Daily Management Review

Hidden Audis, Secret CEO Meeting: The Story Of VW's $5 Billion Rivian Gamble


Hidden Audis, Secret CEO Meeting: The Story Of VW's $5 Billion Rivian Gamble
Early this year, a few Audis disguised in German arrived covertly to an electric vehicle (EV) manufacturer's plant in California. There, thirty experts dismantled the cars' electronics and installed harnesses and modules from a U.S. company.
The Palo Alto facility underwent extensive testing to verify the functionality of the U.S. startup's software and architecture, which govern nearly every aspect of the German automobiles.
According to two sources close to the transaction, the goal is to determine if Rivian's cutting-edge technology may be useful for future electric vehicles from Audi parent Volkswagen. According to a third, certain Audi vehicles were transported to California.
The end result: After the two automakers agreed to a technological joint venture, the largest automaker in Europe said on Tuesday that it will invest up to $5 billion in Rivian.
The car industry and investors were caught off guard by the highly guarded deal. Not much has been known about how it happened before.
"I think it's an accomplishment in its own right that this hasn't leaked, given the amount of work that's already happened... and the number of people involved across our teams," RJ Scaringe, the chief executive officer of Rivian,
One of the individuals told Reuters that Rivian and Volkswagen wanted to be "super secretive," with the goal of "seeing if the electrical topology and everything would actually work and if they could pull it off."
Sources close to Reuters claim that wide-bodied 777 and 787 aircraft will begin arriving at clients' destinations in a matter of days.
The three sources requested anonymity because they lacked permission to provide the media access to this information.
Requests for response from Volkswagen and Rivian outside of US and European work hours were not immediately answered.
This is an important deal for both businesses.
It offers Rivian, which is well-known for its R1S SUVs and R1T trucks, the financial support it needs to construct its more affordable R2 SUVs, weather a severe downturn in EV demand, and, perhaps, start turning a profit.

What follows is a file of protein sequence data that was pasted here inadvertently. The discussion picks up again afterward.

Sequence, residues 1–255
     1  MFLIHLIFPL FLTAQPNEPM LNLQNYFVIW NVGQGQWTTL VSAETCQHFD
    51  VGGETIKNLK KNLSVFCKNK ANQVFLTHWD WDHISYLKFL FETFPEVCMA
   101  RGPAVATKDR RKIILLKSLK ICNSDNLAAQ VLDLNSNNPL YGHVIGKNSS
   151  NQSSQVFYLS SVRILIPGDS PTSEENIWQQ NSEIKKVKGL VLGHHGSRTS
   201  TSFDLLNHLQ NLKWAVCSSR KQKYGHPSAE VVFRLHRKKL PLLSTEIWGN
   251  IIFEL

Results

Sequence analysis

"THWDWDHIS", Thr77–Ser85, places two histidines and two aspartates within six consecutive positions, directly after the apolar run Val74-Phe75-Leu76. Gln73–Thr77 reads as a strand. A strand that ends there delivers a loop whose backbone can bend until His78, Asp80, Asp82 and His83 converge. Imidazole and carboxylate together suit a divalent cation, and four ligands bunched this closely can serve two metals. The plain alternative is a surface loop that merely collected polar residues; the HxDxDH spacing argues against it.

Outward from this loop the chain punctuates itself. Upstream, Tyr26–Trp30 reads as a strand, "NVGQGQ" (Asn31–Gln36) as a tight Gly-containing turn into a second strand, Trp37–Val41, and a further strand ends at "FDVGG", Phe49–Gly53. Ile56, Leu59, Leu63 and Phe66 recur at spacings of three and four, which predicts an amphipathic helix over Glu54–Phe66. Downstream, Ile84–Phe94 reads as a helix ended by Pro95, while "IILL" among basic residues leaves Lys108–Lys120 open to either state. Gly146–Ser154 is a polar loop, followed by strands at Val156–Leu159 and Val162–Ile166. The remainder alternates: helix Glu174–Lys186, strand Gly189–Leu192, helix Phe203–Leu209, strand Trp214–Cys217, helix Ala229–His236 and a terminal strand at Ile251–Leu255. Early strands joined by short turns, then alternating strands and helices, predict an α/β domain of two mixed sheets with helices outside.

With the support of Volkswagen and its brands, which include Audi, Porsche, Lamborghini, and Bentley, it may also enable the business to negotiate lower prices with suppliers while acquiring parts in larger quantities.
On Wednesday, shares of Rivian surged by 23%.
The agreement gives VW access to high-performance, affordable EV technologies that conventional automakers have found difficult to adopt.
Delays and losses have plagued the group's software business Cariad, which was established in 2020 to compete with Tesla as the leader of the EV industry. This has been partially attributed to the management team's slow decision-making.
The negotiations that resulted in the significant merger started, according to Scaringe, when he and Oliver Blume, the CEO of Volkswagen, had a private meeting at Porsche's Atlanta experience centre.
Per two accounts, the meeting took place in August of last year.
Telling reporters, "We just went deep, talking product and comparing notes on the things we like," Scaringe appeared serious. The fact that we have certain common automotive interests became apparent right away. That quickly sparked a serious discussion on how we should approach cooperating."
The businesses went right to work, with a Rivian team visiting Volkswagen in Germany later that autumn.
According to one insider, Scaringe compared the testing to a scrimmage to ensure that everything functioned as intended during a business town hall on Wednesday. According to this person, attorneys and software specialists made a second journey to Germany early this year.
According to a fourth person who spoke to Reuters, Volkswagen was less "dogmatic" than it had been under Blume over what it should undertake alone and where it should look for outside partners.
Wassym Bensaid, the software head for Volkswagen, told investors on Tuesday that the company's leadership had decided to embrace Rivian's agility in order to get over the challenge of integrating drastically different work cultures, which frequently befalls such mergers. He added that the JV had "very clear rules and responsibilities" established.
His remarks were intended to allay worries held by VW investors over potential conflicts between Rivian's agile software methodology and the company's more conventional, methodical approach to automaking and numerous supplier contracts.
On Wednesday, shares of VW dropped 2%. Concerns about Volkswagen spending more arise from the company's large capital expenditures in comparison to its counterparts.
According to a source, financial discussions over the previous several months resulted in a certain agreement on the transaction after Rivian tested the Audis in Palo Alto, which arrived in the first quarter of the year.
A fifth source, who was close to Volkswagen, stated that comprehensive testing is still necessary for the firms to ensure that VW vehicles equipped with Rivian software can operate fully.
Scaringe told Reuters on Tuesday, "This isn't as if it's something that we thought of a month ago." "This has been a long work in progress."
It was a perfect fit for Scaringe, who rebuilt antique 356s and was an avid Porsche aficionado growing up.
"To be able to see a Porsche on the road that has our technology in them, I couldn't be more excited," he stated.